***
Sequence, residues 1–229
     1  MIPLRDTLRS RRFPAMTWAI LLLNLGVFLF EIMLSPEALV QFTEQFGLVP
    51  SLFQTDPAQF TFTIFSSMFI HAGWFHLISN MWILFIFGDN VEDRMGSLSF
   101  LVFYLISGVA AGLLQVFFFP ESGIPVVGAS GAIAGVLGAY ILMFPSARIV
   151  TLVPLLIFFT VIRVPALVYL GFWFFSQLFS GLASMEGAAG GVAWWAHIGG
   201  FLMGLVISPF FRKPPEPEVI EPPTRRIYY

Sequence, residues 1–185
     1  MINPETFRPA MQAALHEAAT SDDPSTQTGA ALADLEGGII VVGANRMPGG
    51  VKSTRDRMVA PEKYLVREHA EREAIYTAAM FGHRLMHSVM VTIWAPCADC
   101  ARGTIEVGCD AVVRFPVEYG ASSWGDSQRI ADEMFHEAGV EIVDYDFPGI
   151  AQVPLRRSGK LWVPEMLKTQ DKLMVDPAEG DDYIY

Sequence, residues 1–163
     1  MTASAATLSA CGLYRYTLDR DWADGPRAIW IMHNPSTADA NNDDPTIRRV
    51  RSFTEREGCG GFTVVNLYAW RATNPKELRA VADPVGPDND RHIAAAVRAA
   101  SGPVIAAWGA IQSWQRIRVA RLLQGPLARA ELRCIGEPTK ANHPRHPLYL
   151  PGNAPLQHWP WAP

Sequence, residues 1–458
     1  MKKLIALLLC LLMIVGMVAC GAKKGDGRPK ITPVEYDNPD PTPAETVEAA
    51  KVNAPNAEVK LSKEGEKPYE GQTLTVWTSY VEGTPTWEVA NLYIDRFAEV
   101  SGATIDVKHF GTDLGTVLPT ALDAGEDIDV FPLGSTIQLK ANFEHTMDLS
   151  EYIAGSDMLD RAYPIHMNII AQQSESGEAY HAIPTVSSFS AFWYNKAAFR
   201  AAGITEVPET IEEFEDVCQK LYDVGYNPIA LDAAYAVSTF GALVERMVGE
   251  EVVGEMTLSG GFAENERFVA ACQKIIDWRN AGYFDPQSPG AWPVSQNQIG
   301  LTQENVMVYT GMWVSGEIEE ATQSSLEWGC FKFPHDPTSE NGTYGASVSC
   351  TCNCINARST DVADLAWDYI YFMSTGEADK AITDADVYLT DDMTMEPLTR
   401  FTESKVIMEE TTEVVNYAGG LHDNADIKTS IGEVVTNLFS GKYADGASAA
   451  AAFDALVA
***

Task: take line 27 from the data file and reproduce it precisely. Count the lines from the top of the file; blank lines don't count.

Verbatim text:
   451  AAFDALVA